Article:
Ngā mihi o te Tau Hou! Today’s New Moon marks the start of the lunar new year. So now is a good time to sync your life to the Maramataka – the Māori lunar calendar. Read on to learn about the Maramataka and what each day of the month is good for, and then download a dial to keep track of the days.
The Maramataka – which literally means ‘the moon turning’ – is the Māori lunar calendar, and is the traditional Māori way by which time was marked. Instead of following the movement of the sun throughout the year, iwi communities in history noted the movements of the moon over a typical month and year, and marked by the passage of 12 or 13 lunar months (depending on the location throughout the country) and each phase of the moon was named.
The Māori calendar begins in Pipiri (June/July) with the reappearance of the Matariki star cluster signalling the New Year. Some days (nights) of the Maramataka were better to do certain activities than other days. For example, planting and harvesting food supplies was conducted almost always through consulting the Maramataka. Similarly, fishing or convening an important hui or conducting rituals, such as baptisms, the Maramataka was consulted. The Maramataka also marked significant annual events such as celebrations in the time of Matariki and other seasonal activities.
Brought to New Zealand by the first Pacific Islanders from Hawaiki, it was adapted by Māori to accommodate the southern hemisphere’s sky, seasons, and climate. The original Maramataka was an oral tradition which was later documented by early ethnographers who recorded some of this knowledge while it was still in use, and is still in use today among various iwi.
To show which activities work best at which times, The Spinoff’s author Ayla Hoeta created a Maramataka dial and shared it with us, and has written about which activities are good for which times. We have come up with more activities too.
How the Maramataka dial works
Align today’s date with today’s phase of the Moon (if you live on the west coast, set your dial to the previous day). This shows you the Māori name of the phase.
Reset your dial each new moon cycle. If you live on the West Coast, set your dial to Ōturu, the day before the full moon. If you live on the east coast, set your dial to Rākaunui, the day of the full moon.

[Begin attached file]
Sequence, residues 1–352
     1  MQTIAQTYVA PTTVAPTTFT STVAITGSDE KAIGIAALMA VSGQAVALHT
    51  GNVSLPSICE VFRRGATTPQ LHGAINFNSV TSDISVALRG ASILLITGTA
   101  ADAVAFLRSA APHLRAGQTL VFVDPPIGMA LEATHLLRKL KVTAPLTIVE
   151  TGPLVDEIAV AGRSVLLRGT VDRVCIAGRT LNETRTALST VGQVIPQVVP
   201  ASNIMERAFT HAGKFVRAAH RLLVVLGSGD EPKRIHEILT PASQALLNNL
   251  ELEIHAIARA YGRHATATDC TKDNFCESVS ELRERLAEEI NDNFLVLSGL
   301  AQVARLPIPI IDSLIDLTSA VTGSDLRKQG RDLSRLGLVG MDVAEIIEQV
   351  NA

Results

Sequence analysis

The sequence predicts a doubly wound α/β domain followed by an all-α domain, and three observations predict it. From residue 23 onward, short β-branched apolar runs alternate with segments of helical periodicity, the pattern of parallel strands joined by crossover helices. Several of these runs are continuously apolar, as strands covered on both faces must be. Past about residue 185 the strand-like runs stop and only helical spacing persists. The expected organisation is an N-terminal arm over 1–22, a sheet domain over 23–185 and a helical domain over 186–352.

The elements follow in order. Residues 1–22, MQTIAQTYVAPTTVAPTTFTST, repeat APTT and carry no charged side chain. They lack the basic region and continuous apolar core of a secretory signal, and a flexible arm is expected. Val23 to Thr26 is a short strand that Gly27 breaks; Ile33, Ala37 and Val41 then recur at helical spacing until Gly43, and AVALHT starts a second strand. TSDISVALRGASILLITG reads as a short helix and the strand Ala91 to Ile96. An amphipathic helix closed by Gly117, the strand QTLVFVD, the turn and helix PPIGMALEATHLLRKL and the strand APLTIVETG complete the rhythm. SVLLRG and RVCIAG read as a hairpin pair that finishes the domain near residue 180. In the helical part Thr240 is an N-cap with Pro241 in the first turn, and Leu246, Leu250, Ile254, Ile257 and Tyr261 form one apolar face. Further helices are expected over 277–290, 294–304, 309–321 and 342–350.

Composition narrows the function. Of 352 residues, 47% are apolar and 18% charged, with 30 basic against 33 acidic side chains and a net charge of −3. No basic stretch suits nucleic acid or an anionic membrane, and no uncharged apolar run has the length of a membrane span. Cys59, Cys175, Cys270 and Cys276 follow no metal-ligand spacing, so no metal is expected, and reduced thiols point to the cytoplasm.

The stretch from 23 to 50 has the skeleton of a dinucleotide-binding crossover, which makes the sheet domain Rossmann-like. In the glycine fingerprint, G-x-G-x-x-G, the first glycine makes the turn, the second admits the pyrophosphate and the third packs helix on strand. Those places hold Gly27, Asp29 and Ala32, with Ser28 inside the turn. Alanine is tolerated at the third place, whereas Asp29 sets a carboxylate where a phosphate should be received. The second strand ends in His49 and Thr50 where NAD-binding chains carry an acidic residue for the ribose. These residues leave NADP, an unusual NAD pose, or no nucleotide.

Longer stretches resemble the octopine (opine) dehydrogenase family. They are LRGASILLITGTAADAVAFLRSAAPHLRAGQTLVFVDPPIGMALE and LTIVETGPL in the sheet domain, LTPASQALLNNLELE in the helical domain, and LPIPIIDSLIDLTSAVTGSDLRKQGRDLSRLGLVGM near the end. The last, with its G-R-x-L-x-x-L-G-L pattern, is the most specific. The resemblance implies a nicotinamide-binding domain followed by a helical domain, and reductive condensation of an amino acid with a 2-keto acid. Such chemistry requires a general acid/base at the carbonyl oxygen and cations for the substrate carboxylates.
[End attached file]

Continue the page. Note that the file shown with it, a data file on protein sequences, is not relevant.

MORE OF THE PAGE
The Maramataka’s energy levels
The colours on the calendar dial show different energy levels. The levels are caused by the gravitational forces of the Moon, Sun, and Earth. These forces pull the Earth’s water in one direction.
The energy levels set different times for things to grow, to be active, and to regenerate. We humans are also pulled by gravitational forces, which affect our biology and emotions.
Make your own Maramataka dial and try these activities
Download, print, and cut out the Maramataka dial (1.4 MB)
Pin the small disc (with days of the month) in the centre of the big disc (with phases of the Moon).
Ōturu, Rākaunui (full moon), Rākaumatohi – high energy
Plant your own herb garden.
Plan meals to avoid waste.
Takirau – give back to the soil
Weed and prepare your garden for planting.
Okie, Korekore-te-whiwhia, Korekore-te-rawea – low energy, give back to Papatūānuku (the earth mother)
Help to clean up inside and outside the house.
Volunteer for a community clean-up project.
Korekore-piri-ki-ngā-Tangaroa, Tangaroa-a-mua, Tangaroa-a-roto – fishing and planting
Learn how to make fishing rigs.
The fish are biting, so go fishing!
Tangaroa-kiokio, Ōtāne, Ōrongonui – give back to the forest
Go on a whānau bush walk and learn about native trees.
Omauri, Mutuwhenua, Whiro, Tirea – lowest energy, give back to the soil
Help to clean up your local bush.
Prepare seedlings for next planting season.
Ohoata, Ouenuku, Okoro – moderate energy, give back to the heavens
Meditate with your whānau.
Have a night without electric light, TV, phones, and computers.
Tamatea-ā-ngana, Tamatea-ā-hotu, Tamatea-āio – fishing
Another great time to go fishing!
Tamatea-kai-ariki, Huna, Ariroa, Hotu – give back to the water
Clean up your local beach or river.
Go walking or cycling with your whānau.
Māwharu, Atua, Ōhua – planting
Plant a fruit or native tree, or donate one to a school, a marae, or Trees That Count.
Dial reproduced courtesy of The Spinoff and author Ayla Hoeta (‘Move over astrology, it’s time to return to the Māori lunar calendar’).